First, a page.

• Coco and Kim are women who are expressing their sexuality with a motivation – to make money, to gain fame, to feel good about themselves, perhaps to manipulate those around them. There's a person there as well as a sexual display (though I'll say that I've never found either of those women's expressions of their sexuality particularly interesting, either).

            A fictional woman who is sexy for an audience of men in her fictional universe, and who is also a person beyond that, could be an interesting character. A fictional woman who's primarily relating to the reader and who doesn't have much to her besides her sexuality is fairly boring to me.

          • Ah, fair enough. I'll admit that I'm a bit out of my depth when talking about comic fandoms, since I only see them from the outside.

          • I kinda think it's more that Catwoman lets women be slinky/sexy/borderline slutty without those specific societal judgements (but then you'll run into fake geek girl and doing-it-for-the-attention judgements)

          • I think there's some truth in that, at least insofar as we're talking about Halloween costumes and cosplaying. I guess there's a couple of things I'd tease out of that, though, just going at the generic costume/cosplay level without getting too much into the character.

            First, while there are a lot of women who like dressing up in those ways and playing with those concepts, there are a lot of other women who complain about oversexualized costumes and wish they'd have more options.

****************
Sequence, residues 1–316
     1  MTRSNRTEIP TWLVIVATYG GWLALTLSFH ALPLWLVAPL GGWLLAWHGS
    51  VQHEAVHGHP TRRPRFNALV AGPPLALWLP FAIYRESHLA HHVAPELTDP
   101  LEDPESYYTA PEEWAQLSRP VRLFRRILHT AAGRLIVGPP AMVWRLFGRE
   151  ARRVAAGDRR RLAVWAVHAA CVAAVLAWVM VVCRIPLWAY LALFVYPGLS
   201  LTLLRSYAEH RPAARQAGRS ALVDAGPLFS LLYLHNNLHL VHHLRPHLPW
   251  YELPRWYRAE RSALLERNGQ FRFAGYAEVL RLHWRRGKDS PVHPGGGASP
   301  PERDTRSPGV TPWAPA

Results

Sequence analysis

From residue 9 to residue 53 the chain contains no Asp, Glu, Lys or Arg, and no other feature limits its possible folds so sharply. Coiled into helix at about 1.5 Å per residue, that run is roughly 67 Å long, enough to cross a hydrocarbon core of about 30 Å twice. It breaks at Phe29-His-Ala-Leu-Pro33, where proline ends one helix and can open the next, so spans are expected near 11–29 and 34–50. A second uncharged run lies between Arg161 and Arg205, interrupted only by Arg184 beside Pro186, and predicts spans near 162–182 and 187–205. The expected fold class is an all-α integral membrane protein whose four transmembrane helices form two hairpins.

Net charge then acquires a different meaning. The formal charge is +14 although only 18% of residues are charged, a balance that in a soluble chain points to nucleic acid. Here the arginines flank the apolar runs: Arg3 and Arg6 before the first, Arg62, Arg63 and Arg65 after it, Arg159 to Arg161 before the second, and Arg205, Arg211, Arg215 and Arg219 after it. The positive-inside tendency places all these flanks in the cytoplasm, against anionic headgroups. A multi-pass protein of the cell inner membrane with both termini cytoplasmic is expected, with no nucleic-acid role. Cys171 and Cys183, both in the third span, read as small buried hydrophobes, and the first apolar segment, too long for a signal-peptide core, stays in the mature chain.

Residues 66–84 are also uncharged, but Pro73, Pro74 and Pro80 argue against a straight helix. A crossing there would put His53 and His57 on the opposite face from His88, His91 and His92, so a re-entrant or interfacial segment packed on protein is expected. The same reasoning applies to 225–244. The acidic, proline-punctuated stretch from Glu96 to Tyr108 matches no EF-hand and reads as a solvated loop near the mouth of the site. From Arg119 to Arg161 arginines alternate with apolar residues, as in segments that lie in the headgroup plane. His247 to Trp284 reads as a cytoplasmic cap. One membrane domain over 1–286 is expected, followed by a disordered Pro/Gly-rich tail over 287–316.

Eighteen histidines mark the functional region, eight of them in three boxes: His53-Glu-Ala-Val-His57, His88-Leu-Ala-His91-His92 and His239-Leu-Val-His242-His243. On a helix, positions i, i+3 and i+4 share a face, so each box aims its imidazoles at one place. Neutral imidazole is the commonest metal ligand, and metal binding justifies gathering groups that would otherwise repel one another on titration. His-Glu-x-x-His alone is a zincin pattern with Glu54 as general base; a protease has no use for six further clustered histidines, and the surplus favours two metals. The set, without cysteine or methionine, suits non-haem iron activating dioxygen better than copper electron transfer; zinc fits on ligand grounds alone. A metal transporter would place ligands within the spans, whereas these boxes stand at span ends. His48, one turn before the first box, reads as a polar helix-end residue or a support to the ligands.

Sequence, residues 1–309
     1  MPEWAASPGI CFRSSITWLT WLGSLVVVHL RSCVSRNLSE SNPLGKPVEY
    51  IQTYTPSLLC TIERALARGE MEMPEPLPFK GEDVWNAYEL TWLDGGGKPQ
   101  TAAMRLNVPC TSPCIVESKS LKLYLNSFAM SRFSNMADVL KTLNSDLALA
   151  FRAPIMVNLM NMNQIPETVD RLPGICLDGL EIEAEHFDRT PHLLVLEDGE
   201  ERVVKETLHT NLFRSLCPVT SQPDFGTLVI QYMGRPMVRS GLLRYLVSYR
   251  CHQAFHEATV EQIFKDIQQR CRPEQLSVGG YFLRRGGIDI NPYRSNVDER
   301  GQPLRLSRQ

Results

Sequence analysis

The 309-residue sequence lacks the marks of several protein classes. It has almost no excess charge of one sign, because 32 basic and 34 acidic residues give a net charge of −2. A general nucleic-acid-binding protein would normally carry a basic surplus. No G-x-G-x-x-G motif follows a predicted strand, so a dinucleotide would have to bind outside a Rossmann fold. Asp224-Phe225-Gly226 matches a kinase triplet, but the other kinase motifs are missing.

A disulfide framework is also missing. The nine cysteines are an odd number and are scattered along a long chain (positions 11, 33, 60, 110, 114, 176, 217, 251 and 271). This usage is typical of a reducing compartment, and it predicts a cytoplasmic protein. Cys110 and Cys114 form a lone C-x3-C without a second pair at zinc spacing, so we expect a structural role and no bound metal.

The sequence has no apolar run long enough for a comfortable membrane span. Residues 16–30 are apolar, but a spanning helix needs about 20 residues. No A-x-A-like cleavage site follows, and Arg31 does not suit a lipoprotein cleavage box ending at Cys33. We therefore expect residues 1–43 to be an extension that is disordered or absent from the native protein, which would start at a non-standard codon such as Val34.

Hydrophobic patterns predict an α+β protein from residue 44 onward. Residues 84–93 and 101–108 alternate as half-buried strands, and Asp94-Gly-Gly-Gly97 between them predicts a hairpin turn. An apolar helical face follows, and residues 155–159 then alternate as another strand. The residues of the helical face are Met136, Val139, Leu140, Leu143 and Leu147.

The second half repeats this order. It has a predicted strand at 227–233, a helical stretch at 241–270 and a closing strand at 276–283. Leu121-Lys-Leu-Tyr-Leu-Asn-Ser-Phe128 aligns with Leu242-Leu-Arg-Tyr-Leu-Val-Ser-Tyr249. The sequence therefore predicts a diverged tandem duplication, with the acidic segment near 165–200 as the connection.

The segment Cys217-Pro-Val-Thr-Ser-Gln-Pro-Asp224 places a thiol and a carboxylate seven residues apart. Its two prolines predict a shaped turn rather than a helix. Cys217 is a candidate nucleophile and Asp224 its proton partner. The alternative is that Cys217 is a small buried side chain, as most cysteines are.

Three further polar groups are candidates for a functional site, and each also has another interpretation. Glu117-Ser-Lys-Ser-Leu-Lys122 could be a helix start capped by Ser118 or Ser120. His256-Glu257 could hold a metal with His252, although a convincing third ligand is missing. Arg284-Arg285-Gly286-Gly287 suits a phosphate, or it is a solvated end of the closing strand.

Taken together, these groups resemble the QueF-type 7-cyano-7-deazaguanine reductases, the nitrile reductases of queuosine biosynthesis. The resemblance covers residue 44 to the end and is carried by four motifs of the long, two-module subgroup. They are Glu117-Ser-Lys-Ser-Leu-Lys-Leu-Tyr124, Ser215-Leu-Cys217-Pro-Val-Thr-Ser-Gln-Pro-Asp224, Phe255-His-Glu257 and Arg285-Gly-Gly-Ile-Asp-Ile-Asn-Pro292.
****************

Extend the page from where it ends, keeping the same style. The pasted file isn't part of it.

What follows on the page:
Second, there's a lot of territory between dressing up as someone on one night and being interested in reading about the character on a long term basis. When I'm dressed up, the sexuality I'm playing around with is my own. I can take on the aspects of a persona I like, ignore those I don't, and behind it all I'm still me – an actual person with her own sex drive and motives and interests. When I'm reading about a sexualized female character, it can be all over the map. Some of them are sexual for their own reasons, in ways I find interesting to read about. Some of them are sexual for their own reasons, in ways that I find boring and disturbing. And some of them are mostly pinups meant to sexually excite the reader rather than invite identification, which don't really interest me. I would guess that there are any number of characters people might like to dress as, but might not want to read about.

          • From an outsider type of perspective when it comes to costumes, a lot of that is going on in your own head. If I see a girl dressed as Catwoman, I'm thinking one of two things: she's a Catwoman fan of some kind, or she's doing it for the attention it brings. And I'm probably leaning latter because of how many non-fans and super-models and celebs over the years I've seen dressed as Catwoman/Wonder Woman/whatever just because it makes them sexy.

          • But that doesn't matter to me. What matters to me is what's in my head, and how I feel about expressing my sexuality (or dressing differently declining to do so).

          • This is where judgmental reactions come from, you know